Mark A Preston: One hundred percent and I always say to everyone, no matter what stage in your career you're at in the industry, even me, after 20 odd years, there's always something else you can learn from other people. It's all about having those conversations. Now, the last question is, is there anything that we haven't touched upon, that you're really passionate about, that you think our audience should know?

Tom Marriott: Yeah, I'm super passionate at the moment, as I've mentioned, about how AI is going to affect search and I know there's a lot of talk and there's a lot of heat about it, but it's really exciting me at the moment, as we sort of move into this new world of SEO, hopefully this development, this evolution. And it's in some parts scary because we are seeing this introduction of generative AI and I hope, you know, a lot of people are asking me the question, well, you know, Google's just going to be replaced by chat GPT. Well, I don't think it will be, personally. I really don't think it will be because, I don't think we as humans believe that we are going to accept generative AI responses in search at all. Because we all crave options, when it comes to the material and the content that we consume, that's the reason we will have multiple news TV channels. It's the reason we have multiple newspapers. We all want options, when we choose to consume our content. So I don't believe that's the case. However, if it goes down that pathway, then there's concerns about content creation. Really are content creators going to keep this very delicate ecosystem of the web alive? If they're not going to get credit or traffic for the content that they create? These bloggers that we've already discussed, are they going to want to keep creating content? If generative AI responses are just going to generate all the responses that we could possibly need? I don't think we're going to move down that path. I think it would be very self-sacrificial of search engines for them to do that. However, it's going to be interesting to seeing, how that develops and how that moves forward. I think we need to see some kind of hybrid between a generative AI and traditional search, traditional search results. I think we need to see that balance between the two in not too distant similarities to how we saw featured snippets in Google and the uproar that zero click searches caused and things like that. I think we're going to end up seeing a balance between the two and it's going to be really interesting to see how SEO develops over that time. I say over that time, like it's going to be a long time, I think we're going to see this in under a year, maybe even two of how this develops. So that's going to be really interesting for me, and that's what I'm going to be sort of chronicling on my channels as well, to see how those changes really come into play.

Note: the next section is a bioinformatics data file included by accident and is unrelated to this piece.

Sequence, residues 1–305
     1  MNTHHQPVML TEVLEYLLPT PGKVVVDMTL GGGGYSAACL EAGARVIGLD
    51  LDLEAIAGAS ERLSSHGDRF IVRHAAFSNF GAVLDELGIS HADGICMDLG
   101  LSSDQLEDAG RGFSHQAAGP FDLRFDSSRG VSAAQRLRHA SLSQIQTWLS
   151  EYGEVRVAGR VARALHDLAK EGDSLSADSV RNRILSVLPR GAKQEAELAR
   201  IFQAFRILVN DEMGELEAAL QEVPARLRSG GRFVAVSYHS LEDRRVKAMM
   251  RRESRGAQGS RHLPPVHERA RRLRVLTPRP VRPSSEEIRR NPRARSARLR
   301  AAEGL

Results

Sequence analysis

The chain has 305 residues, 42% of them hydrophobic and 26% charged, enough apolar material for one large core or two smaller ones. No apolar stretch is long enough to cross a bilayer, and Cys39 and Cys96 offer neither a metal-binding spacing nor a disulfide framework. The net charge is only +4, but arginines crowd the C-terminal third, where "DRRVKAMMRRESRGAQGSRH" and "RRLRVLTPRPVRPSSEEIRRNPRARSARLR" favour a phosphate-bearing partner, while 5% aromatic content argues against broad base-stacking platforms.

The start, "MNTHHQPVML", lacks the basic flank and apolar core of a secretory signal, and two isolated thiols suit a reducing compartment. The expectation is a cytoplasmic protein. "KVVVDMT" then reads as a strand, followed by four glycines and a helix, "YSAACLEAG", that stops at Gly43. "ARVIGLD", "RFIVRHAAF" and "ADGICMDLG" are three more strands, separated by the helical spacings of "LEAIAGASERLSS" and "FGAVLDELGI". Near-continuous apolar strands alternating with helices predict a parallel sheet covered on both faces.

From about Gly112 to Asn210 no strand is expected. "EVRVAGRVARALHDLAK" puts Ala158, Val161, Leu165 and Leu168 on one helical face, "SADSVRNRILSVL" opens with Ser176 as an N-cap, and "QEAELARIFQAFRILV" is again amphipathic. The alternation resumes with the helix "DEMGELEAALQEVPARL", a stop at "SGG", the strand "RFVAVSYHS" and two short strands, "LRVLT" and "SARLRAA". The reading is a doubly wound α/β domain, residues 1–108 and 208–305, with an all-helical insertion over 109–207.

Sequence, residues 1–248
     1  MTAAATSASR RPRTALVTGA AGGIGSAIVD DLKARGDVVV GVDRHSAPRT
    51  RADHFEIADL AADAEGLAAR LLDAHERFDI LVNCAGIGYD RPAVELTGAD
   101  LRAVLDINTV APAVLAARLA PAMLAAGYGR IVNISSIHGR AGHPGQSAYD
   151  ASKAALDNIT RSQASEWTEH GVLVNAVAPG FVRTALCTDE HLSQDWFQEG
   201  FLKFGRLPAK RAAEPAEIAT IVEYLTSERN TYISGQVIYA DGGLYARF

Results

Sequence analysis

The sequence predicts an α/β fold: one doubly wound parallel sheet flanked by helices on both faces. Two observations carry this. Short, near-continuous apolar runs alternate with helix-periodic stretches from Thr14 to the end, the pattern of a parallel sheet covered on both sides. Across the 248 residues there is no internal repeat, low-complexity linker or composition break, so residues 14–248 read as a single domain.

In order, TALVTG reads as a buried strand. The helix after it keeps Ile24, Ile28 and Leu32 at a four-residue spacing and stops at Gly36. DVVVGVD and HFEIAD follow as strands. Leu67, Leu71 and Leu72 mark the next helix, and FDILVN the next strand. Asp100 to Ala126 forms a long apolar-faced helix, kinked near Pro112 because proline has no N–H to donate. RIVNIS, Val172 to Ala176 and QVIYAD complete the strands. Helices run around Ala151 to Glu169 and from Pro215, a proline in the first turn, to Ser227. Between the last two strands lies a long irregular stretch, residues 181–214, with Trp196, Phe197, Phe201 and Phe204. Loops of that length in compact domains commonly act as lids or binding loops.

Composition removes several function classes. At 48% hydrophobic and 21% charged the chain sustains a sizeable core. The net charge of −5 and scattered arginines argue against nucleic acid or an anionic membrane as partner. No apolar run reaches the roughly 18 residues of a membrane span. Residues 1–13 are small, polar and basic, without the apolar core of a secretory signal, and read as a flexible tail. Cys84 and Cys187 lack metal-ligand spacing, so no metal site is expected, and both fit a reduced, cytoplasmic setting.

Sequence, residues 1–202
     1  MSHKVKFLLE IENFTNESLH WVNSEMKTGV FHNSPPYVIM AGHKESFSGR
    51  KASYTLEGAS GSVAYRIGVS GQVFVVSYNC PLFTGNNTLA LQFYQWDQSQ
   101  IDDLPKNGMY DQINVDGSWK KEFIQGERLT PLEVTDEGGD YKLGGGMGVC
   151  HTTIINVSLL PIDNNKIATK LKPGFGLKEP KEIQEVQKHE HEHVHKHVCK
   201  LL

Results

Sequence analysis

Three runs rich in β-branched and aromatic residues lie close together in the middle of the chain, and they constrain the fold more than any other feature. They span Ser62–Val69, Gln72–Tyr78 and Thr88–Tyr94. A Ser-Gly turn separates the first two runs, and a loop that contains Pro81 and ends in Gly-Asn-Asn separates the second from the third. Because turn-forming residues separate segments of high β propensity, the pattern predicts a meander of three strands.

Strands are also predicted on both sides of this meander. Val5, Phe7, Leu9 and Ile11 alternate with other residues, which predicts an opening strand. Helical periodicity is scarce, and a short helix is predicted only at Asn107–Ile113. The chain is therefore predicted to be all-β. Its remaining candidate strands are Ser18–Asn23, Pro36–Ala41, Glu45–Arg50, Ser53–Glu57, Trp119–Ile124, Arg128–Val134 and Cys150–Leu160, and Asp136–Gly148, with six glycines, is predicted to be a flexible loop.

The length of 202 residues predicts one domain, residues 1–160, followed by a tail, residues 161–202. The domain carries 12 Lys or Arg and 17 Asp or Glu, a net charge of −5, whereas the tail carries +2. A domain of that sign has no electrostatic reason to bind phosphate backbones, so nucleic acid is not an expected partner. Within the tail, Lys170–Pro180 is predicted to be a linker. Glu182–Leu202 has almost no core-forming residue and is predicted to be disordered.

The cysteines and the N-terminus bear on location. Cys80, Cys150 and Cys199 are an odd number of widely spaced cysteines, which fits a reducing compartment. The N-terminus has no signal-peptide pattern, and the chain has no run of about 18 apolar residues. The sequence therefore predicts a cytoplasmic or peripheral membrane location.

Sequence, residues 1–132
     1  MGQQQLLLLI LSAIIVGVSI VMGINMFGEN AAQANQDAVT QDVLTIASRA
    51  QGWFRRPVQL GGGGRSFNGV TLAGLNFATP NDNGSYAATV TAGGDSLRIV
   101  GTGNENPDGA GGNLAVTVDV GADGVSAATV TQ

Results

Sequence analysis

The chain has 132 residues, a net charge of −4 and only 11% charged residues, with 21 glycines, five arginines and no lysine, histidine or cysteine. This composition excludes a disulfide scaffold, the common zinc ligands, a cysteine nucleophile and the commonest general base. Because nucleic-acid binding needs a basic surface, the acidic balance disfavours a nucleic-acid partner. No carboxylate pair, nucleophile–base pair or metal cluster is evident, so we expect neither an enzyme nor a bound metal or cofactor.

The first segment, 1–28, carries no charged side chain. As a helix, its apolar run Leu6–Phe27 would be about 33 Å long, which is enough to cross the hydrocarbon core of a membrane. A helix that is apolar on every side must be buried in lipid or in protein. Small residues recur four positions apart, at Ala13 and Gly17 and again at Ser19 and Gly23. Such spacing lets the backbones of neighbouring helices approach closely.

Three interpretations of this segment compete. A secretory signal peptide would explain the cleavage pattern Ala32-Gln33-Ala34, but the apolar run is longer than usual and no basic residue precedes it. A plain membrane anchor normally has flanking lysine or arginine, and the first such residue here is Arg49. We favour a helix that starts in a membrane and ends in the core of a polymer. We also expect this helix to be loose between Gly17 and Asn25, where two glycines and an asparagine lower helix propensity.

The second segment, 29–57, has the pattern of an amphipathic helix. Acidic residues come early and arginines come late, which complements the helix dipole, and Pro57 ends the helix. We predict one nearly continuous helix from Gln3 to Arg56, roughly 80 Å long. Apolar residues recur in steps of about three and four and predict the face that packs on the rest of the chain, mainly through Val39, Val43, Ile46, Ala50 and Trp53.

Mark A Preston: Wonderful. Now you've given your time up here freely and you've dropped some amazing bombs of information. Now, is there anything the audience or anyone listening to this can do for you to say thank you?

Tom Marriott: As a thank you, I would love if you've listened to this. You've been interested in what I've said. Go and follow me over on TikTok, it's the SEO punk on TikTok. It's the SEO punk on Instagram. Granted, Mark said I will bombard you, but that's fine. Hopefully you will enjoy it and obviously, if you are interested in learning SEO or you are an SEO expert and you want to give back to a community, then I implore you to go and go over to those channels and you'll find a link on my links to the SEO hangout. It's free to join. I'm sort of trying to develop it, so I'm hoping to run some kind of communicative sessions. Maybe even some co working sessions, where we can all sit together in a room and work on our websites and together in a community setting like we are here and talk to each other about what we see and what we learn and perhaps share ideas and thoughts. That'll be awesome, maybe even do some podcasts with maybe Mark will join us on the stage one day, and we can come and talk on the SEO hangout, do some stuff. So I'm going to be developing it, but if you do, you're interested, come and join us on the SEO hangout and, yeah, we'll welcome you with open arms.

Mark A Preston: And to finish off, what is your SEO sound bite? To finish off.

Tom Marriott: My SEO sound bite is oh, cranky. Keep it simple. Stupid.

Mark A Preston: Wonderful. Well, on that note, I really like to thank you for joining us today and yeah, I want to say I'm positive the audience will get so much out of this.

Tom Marriott: I really appreciate it. Thank you, Mark, so much for having me. It's been absolute joy.

Mark A Preston: Wonderful. Cheers.